When a possessed pair of jeans begins to kill the staff of a trendy clothing store, it is up to Libby, an idealistic young salesclerk, to stop its bloody rampage.
Starring: Romane Denis, Brett Donahue, Sehar Bhojani | Runtime: 1 hr 17 minutes | Genre: Horror Comedy | Source: Shudder | Starred Review
This newly released Canadian Horror comedy was doing the rounds at film festivals last year and has now been released on horror streaming service, Shudder.
Libby has finally landed her dream job as a sales clerk at one of the lead stores for forward thinking fashion brand CCC. Her first day coincides with the launch of a brand-new product and the store goes into full lockdown so that the staff can prepare for opening day.
When staff begin to go missing, Libby stumbles onto some uncomfortable truths about the brand, as well as the fact that the jeans due to launch tomorrow may be the very murderer they are looking for.
If this all sounds a little odd, then you’d not be wrong in thinking so. Fans of the 2010 horror satire movie ‘Rubber’ about a homicidal car tyre will be in their element here and will know broadly what to expect. Slaxx may be a bit of an acquired taste but those willing to look past the silliness of the premise will be rewarded with a solid, entertaining movie.
Horror comedy is a tough nut to crack, and a lot of films tend to either pack in so many jokes it forgets that it’s a horror film, or goes too far the other way and jokes fail to land as they should. Slaxx works brilliantly because it takes an inherently silly premise and (mostly) play it fairly straight from there on out. The humour comes the situations and it allows the horror to work effectively without losing sight of the fact that, at the end of the day, it is a story about a pair of jeans that can kill you.
The film works very effectively as a light horror comedy, but is equally strong when it comes to lampooning the fast fashion industry. Director Elza Kephart gets a lot of mileage early on by caricaturing both the store and the employees. The store is set up into ‘ecosystems’ (read that as one colour palette here, the other over there) and the employees are, with the obvious exception of Libby, obnoxious, judgemental and tightly wound, making them pleasantly satisfying fodder for the blood thirsty pants.
Underneath the silliness of Slaxx there is a serious message about how some big brands claims of its ethical practices warrant a further look, and the finger is pointed equally between consumer and manufacturer. Not to labour the point (this is a comedy after all) but if you need your movies to have a reason to be, outside of the fact that it’s just pure entertainment, then there is plenty of food for thought once all is said and done.
Although Romane Denis gets top billing as Libby, hats off have to go to Visual Effects team behind the creation of the titular Slaxx, because they look fantastic. They are genuinely (and surprisingly) threatening when they are called upon to be so, and it was strangely unnerving at times to see a pair of jeans, waistband forming a wide-open mouth, slowly crawling toward an unsuspecting victim, or simply walking down a corridor. They also get some of the films’ biggest laughs (a Bollywood dance number being a particular highlight). Dodgy SFX could have brought the movie down, but they are surprisingly effective here.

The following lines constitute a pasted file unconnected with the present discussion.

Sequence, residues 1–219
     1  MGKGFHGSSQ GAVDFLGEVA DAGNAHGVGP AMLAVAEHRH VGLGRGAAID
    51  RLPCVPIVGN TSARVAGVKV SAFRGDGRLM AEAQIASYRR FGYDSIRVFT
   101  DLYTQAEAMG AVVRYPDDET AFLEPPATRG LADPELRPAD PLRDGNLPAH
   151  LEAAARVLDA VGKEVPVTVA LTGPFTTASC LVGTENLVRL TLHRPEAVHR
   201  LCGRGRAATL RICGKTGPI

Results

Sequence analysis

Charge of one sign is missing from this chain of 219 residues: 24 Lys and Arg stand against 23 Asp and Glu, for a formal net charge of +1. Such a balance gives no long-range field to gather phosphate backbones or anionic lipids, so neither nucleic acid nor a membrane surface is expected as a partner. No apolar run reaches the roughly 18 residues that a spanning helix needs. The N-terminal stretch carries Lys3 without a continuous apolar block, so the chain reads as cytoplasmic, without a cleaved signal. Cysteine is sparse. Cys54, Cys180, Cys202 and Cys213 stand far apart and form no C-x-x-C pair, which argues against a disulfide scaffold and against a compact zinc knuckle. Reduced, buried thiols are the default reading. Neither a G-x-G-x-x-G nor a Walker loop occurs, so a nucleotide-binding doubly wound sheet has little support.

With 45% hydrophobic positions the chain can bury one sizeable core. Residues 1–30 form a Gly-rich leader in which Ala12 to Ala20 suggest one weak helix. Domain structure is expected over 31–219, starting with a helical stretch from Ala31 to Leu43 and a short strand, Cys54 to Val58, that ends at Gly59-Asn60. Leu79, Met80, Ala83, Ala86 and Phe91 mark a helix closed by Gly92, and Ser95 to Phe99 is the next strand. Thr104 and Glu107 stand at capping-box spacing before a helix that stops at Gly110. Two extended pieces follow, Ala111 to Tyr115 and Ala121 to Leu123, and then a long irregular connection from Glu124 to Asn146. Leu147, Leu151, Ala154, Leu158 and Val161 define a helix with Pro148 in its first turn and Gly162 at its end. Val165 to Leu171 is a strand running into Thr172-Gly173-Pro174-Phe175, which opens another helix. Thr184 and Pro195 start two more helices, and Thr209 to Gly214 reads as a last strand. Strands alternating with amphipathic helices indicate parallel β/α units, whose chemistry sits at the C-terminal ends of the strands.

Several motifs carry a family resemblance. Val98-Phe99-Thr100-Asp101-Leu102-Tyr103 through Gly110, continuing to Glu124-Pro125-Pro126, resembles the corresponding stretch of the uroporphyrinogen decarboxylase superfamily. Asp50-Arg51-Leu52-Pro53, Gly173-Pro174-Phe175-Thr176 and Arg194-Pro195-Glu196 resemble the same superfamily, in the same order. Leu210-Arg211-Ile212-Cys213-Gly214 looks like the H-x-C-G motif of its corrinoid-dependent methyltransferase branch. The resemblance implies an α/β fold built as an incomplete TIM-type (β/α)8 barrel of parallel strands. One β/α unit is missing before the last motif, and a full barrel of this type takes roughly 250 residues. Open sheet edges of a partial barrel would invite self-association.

The cast are all clearly having a great time and the fact that the majority of them get to play larger than life, vapid mean kids who are there to rack up a body count gives them free reign to go all out and go big with the limited screen time they have before being bisected, devoured or otherwise eviscerated by the pissed off pants out for their blood. Special mentions to Brett Donahue as store manager Craig, whose psychotic levels of false cheer and company loyalty are scene stealingly funny, and Sehar Bhojani as the jaded Shruti, who gets the best the film has to offer in terms of character development. It isn’t just the cast firing on all cylinders either. The script is strong, and smart and the direction is assured and distinctive. It is great to see a film where everyone seems to be working toward the same vision and everything about this film clicks in this regard.
Its campy and silly but it’s also a lot of fun. With a lean 77 minute runtime (including credits) the film doesn’t outstay it’s welcome and balances the horror and comedy very well, whilst also being very effective as a satire without hitting its audience over their head with its message. If you’re in the mood for something light and funny, you can’t go wrong with a nice pair of Slaxx.
Richard is an avid reader and fan of all things horror. He supports Indie Horror lit via Twitter and reviews horror in all its forms for various websites, including IndieMuse and SciFi and Scary.
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